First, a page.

Overheating
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The Greatest Cause of Summer Breakdowns is Overheating

 

Summertime calls most of us out on the roads ó planning a summer vacation, travelling on the weekend, or just spending your evenings out enjoying the hot summer nights. Summer's heat, dust, and stop-and-go traffic will take their toll on your vehicle. Add the effects of last winter, and you could be poised for a breakdown. You can lessen the odds of mechanical failure through periodic maintenance.

 

You car's cooling system is critical to your summer driving, with the primary job of keeping your engine cool, striving for a constant 75DegC for carburettor cars, and 95DegC (up to 105) for EFI cars, to protect your engine against corrosion, provide more efficient fuel combustion, and maintain proper oil viscosity.

 

However, in hot weather, your coolant could reach 120DegC and your car could overheat. This is why your cooling system needs extra attention in the summer. But before you get under the hood, make sure your engine is cool ― never remove a radiator cap when the engine is hot, or even warm.

 

To prepare your cooling system for summer, you'll want to check the radiator for leaks, the tightness and condition of drive belts, be sure all the connections and clamps are tight, and hoses should be checked to make sure they are supple with no cracks or leaks. The reservoir level should be half full and if it is low, add coolant. You know my view on the disasters anti-freeze can cause, however if you use anti-freeze:

 

The cooling system should be completely flushed and refilled every 24 months

 

According to the safety data sheets of industrial chemical manufacturers, chemicals such as Ethylene Glycol and Propylene Glycol will cause serious health conditions, including liver and heart damage and damage to the central nervous system if sufficient is absorbed by the body.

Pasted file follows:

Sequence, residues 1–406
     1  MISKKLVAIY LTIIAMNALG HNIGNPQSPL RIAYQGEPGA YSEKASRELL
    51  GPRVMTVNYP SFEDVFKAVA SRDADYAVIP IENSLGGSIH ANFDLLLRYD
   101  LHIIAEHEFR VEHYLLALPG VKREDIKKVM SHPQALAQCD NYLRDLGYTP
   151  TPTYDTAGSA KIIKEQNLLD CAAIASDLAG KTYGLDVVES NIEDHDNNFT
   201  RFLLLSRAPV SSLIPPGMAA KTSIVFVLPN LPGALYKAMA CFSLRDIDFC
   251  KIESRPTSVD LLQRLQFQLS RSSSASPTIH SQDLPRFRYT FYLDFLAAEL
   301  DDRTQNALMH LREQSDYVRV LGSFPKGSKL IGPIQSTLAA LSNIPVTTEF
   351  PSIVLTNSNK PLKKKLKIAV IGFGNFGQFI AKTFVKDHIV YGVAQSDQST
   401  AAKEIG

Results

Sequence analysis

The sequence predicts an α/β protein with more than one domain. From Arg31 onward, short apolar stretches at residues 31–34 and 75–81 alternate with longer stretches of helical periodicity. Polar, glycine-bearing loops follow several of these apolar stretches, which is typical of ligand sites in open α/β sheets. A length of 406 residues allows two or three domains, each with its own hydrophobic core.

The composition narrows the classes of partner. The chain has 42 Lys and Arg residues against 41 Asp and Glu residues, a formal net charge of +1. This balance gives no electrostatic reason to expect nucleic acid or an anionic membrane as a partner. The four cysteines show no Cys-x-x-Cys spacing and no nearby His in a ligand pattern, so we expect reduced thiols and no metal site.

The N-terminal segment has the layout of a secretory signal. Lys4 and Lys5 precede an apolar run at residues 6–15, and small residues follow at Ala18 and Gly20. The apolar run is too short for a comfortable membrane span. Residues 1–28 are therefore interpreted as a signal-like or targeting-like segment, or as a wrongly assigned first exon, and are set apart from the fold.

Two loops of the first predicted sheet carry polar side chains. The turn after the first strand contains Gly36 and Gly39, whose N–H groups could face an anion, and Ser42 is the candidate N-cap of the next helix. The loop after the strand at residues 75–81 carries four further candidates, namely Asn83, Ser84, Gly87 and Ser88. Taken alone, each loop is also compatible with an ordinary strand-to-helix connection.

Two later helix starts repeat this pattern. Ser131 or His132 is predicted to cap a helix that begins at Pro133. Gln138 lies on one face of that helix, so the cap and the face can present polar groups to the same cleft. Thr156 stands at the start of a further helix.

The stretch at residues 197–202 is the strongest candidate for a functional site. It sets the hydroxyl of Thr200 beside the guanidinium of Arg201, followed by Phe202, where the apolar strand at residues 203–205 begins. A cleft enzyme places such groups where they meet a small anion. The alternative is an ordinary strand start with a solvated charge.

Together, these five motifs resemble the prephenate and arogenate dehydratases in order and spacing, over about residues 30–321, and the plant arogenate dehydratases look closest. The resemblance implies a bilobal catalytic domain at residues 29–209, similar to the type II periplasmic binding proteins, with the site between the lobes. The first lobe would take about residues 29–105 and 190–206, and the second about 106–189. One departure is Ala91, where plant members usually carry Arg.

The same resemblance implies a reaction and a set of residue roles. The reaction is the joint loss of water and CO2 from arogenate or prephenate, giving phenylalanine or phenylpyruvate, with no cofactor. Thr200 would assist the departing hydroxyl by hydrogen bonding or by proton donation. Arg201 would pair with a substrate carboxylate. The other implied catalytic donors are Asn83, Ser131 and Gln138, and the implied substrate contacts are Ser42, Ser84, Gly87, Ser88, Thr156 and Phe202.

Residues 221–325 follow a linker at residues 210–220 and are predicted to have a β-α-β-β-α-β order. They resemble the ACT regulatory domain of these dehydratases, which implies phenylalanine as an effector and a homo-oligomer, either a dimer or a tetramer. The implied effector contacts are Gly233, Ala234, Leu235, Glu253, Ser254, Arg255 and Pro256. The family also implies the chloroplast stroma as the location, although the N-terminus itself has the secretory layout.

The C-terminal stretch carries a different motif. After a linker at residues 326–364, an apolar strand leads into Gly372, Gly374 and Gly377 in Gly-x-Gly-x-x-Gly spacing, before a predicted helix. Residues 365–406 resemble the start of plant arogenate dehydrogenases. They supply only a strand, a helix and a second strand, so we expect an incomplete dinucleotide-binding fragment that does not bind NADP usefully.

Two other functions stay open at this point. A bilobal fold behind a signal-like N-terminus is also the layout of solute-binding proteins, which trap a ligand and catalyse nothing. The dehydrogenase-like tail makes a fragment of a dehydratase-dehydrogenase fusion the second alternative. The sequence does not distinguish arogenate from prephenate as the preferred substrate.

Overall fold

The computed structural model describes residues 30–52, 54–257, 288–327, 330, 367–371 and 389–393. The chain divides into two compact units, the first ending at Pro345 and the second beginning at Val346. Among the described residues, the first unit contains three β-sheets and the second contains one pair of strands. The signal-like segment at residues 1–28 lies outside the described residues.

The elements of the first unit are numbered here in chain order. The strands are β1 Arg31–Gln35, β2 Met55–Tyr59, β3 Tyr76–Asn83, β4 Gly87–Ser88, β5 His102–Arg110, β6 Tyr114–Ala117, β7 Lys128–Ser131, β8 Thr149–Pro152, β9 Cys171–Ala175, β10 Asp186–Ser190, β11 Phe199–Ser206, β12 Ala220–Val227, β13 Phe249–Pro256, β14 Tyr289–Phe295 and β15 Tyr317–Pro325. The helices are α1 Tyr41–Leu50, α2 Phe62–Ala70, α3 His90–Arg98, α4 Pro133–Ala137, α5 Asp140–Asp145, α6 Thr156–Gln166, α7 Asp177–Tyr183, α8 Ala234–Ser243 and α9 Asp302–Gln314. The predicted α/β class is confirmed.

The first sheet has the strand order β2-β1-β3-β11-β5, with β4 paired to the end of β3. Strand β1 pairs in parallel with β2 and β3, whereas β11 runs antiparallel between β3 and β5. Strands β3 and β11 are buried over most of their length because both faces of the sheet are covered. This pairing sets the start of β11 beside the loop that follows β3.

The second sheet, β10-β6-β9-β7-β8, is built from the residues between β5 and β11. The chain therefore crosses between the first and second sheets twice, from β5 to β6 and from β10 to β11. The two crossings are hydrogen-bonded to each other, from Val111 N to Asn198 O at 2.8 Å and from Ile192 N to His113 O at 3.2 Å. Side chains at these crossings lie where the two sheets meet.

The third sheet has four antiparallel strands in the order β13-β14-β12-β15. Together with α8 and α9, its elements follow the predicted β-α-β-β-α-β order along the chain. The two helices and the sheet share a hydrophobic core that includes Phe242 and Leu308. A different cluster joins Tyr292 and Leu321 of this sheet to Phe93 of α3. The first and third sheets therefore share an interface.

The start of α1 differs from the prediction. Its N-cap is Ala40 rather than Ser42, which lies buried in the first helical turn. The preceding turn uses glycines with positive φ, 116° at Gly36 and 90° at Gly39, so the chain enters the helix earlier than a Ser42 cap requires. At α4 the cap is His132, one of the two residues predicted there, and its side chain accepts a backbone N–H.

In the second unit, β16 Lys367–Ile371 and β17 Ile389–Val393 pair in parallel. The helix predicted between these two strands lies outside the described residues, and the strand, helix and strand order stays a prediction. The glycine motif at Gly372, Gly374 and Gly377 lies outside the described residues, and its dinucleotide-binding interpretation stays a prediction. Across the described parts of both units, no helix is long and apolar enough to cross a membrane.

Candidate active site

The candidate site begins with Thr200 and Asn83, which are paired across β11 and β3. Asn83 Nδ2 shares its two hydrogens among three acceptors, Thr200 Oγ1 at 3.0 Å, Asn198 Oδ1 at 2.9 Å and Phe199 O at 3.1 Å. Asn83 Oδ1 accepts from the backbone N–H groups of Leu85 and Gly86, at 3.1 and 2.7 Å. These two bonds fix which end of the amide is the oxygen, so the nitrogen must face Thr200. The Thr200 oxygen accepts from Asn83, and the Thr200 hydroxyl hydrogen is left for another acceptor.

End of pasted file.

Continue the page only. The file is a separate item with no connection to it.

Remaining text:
Ethylene glycol and propylene glycol are clear liquids used in antifreeze and de-icing solutions. Exposure to excess amounts of ethylene glycol can damage the kidneys, heart, and nervous system. Eating or drinking very large amounts of ethylene glycol can result in death, while large amounts can result in nausea, convulsions, slurred speech, disorientation, and heart and kidney problems.

 

Antifreeze over time becomes acidic, causing corrosion to metal parts of the cooling system, and in fact can turn the whole system into a battery whose anodes (typically the aluminium parts) are consumed and then causes untold problems with eating metals away, clogging the engine passageways and radiator with sludge, reducing the cooling system efficiency and overheating resulting in engine damage

 

Luckily here we live in an area where the ambient temperature doesnít fall low enough to warrant an antifreeze solution, so there is no need to add glycol to our cooling water systems in our cars, and we donít need to drink it to protect ourselves.

 

Keep an eye on the temperature gauge on your dashboard. If you see the engine getting too hot, you can take immediate action by turning on the heater ― this pulls hot water off the engine block. Allow your engine time to cool down, because overheating can cause permanent damage to the engine

 

Ian Hissey

 

 

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